Murray, himself an MD, debuts with eight stories that draw their strengths from medicine and arcane subject matter.
The people and situations seem real, and the splashes of science and lingering nostalgia (“He will remember the sounds of the market through the open window. But it is the unopened letter that he will remember most clearly”) make for fiction that will appeal to fans of, say, Ethan Canin and The English Patient. The title story’s aging surgeon’s marriage to a much younger and eventually pregnant Indian doctor, Maya, serves as contrast to his grandfather’s obsession with butterflies, the largest species of which he will consume human flesh to obtain. But when the grandson begins to obsess too, will the old butterfly collection come along with the curse of the grandfather’s suicide and possibly interfere with the pregnancy? A young man in “All the Rivers in the World” journeys to Florida to retrieve his father, who has shacked up with a woman half his age, while “White Flour” is another wacky father-abandonment piece. “Watson and the Shark” concerns doctors in Africa tending to the knifed masses in an atrocity, and “The Carpenter who Looked Like a Boxer” finds a young cuckold hearing phantom termites in his house a year after his masochistic wife has left. The final story, “Acts of Memory, Wisdom of Man,” is another powerful patriarch doctor/bug setup, though this time the whole family is Indian and the bugs are beetles. Murray often refers to great writers but rarely pulls the stops and tries actually to write like them, even when it seems within his scope. “There are a thousand interesting facts about beetles, each of which teaches us something important about the nature of life,” the final father tells us. But this begs the question of Murray’s work: What happens when you take away all the fascinating factoids?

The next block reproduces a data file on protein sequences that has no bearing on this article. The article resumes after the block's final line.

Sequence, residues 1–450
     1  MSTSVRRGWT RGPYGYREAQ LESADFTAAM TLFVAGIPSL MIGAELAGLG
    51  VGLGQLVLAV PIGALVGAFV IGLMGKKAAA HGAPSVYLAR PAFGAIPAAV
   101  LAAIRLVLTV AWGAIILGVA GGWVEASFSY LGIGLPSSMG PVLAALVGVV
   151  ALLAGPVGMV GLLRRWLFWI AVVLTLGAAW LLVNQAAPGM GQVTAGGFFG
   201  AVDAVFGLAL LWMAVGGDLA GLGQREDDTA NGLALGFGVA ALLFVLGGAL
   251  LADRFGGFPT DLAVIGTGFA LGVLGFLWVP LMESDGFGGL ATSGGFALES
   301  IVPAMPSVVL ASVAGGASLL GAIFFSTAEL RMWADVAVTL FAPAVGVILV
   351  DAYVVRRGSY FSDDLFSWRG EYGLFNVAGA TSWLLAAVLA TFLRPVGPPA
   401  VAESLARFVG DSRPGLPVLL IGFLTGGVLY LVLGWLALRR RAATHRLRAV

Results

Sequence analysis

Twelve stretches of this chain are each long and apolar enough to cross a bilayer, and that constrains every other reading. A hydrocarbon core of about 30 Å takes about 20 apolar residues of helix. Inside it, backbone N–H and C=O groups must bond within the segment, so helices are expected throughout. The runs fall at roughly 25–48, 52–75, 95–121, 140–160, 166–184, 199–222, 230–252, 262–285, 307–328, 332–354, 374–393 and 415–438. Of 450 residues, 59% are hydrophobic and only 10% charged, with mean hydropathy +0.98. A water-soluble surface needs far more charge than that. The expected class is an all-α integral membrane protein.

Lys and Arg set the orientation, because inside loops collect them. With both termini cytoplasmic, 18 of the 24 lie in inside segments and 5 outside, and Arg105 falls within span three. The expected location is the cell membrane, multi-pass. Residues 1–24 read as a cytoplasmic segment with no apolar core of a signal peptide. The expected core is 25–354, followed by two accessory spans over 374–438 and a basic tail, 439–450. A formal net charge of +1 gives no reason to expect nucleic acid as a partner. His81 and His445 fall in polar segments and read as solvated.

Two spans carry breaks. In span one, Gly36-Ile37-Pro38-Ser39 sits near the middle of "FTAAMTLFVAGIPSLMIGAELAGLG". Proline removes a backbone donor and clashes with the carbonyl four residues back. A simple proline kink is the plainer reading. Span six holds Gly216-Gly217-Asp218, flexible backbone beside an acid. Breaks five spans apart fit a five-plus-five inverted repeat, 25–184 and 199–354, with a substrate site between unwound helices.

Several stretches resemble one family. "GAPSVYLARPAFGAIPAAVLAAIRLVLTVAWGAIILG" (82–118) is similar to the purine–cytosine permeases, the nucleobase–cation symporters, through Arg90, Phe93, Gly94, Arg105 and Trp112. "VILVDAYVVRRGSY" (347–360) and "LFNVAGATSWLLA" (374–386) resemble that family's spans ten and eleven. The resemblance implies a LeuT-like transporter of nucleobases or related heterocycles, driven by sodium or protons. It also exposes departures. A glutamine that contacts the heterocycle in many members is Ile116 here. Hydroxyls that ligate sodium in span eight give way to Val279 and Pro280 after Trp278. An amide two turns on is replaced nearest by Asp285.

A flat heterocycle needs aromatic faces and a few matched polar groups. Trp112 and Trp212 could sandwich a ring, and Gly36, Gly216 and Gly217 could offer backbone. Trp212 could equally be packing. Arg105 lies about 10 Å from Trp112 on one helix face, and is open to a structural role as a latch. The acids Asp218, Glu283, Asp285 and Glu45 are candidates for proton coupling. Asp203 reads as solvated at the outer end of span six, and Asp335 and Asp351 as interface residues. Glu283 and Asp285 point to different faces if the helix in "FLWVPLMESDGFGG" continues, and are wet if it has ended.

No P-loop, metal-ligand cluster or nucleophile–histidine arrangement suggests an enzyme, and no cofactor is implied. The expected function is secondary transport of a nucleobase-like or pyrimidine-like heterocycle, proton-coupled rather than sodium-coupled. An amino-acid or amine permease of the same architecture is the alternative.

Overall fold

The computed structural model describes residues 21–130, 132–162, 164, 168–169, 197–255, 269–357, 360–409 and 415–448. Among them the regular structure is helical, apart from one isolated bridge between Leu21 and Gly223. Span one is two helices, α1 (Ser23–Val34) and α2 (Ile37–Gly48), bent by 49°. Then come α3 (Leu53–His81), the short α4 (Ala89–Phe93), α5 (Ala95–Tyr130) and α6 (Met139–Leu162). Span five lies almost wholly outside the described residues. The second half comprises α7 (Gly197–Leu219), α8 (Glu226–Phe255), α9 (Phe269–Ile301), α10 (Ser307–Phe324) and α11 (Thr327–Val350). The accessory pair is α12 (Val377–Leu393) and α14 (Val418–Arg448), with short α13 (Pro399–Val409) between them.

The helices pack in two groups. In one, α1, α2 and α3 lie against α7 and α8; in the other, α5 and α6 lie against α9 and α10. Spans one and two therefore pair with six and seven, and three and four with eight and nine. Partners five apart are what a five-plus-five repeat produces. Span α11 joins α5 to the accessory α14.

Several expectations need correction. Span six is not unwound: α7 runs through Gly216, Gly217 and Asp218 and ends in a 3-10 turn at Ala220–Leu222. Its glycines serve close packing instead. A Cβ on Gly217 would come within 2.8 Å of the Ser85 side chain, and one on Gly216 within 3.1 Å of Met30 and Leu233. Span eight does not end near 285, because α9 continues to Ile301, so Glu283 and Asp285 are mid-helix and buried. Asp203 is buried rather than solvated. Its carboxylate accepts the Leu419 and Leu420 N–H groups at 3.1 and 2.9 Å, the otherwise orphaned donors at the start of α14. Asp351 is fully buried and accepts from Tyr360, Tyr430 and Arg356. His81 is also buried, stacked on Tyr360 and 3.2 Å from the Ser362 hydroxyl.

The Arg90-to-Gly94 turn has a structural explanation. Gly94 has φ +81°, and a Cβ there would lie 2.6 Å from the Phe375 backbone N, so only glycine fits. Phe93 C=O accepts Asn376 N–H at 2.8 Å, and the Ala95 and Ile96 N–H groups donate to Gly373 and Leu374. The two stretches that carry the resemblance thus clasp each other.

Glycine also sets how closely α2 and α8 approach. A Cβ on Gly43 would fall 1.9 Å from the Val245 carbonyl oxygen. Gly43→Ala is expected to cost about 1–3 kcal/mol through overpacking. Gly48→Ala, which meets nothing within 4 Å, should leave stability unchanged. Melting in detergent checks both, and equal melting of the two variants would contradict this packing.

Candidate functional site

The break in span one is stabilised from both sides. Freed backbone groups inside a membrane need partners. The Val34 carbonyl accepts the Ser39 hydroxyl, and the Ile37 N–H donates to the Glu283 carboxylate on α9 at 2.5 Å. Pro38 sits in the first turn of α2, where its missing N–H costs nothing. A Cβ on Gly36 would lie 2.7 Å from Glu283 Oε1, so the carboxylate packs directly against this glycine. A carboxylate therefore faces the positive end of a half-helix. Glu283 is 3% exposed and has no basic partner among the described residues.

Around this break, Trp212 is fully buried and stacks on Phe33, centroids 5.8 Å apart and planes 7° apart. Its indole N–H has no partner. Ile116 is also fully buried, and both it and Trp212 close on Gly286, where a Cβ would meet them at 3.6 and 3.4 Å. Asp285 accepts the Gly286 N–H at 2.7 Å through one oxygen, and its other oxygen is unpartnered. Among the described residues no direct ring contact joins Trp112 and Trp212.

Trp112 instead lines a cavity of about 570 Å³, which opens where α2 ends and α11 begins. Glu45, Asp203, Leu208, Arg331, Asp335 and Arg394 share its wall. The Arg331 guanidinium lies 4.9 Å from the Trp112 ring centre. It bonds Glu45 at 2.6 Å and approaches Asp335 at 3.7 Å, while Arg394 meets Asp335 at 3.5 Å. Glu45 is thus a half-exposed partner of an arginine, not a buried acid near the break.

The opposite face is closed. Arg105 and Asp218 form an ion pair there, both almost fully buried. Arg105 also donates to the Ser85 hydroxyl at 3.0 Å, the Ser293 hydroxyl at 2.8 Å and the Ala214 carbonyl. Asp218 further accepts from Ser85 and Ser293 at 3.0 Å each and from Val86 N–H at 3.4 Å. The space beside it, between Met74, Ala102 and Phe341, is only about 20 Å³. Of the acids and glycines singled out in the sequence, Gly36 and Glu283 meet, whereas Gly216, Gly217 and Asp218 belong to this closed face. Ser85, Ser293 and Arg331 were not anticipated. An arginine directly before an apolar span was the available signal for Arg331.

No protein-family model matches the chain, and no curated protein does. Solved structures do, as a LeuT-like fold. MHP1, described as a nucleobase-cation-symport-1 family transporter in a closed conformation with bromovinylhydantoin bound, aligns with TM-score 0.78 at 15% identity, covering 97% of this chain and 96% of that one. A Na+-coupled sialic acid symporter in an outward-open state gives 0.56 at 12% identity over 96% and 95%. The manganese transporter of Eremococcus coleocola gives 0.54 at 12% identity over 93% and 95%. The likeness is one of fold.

Well-practiced, from a voice we’ll surely hear from again.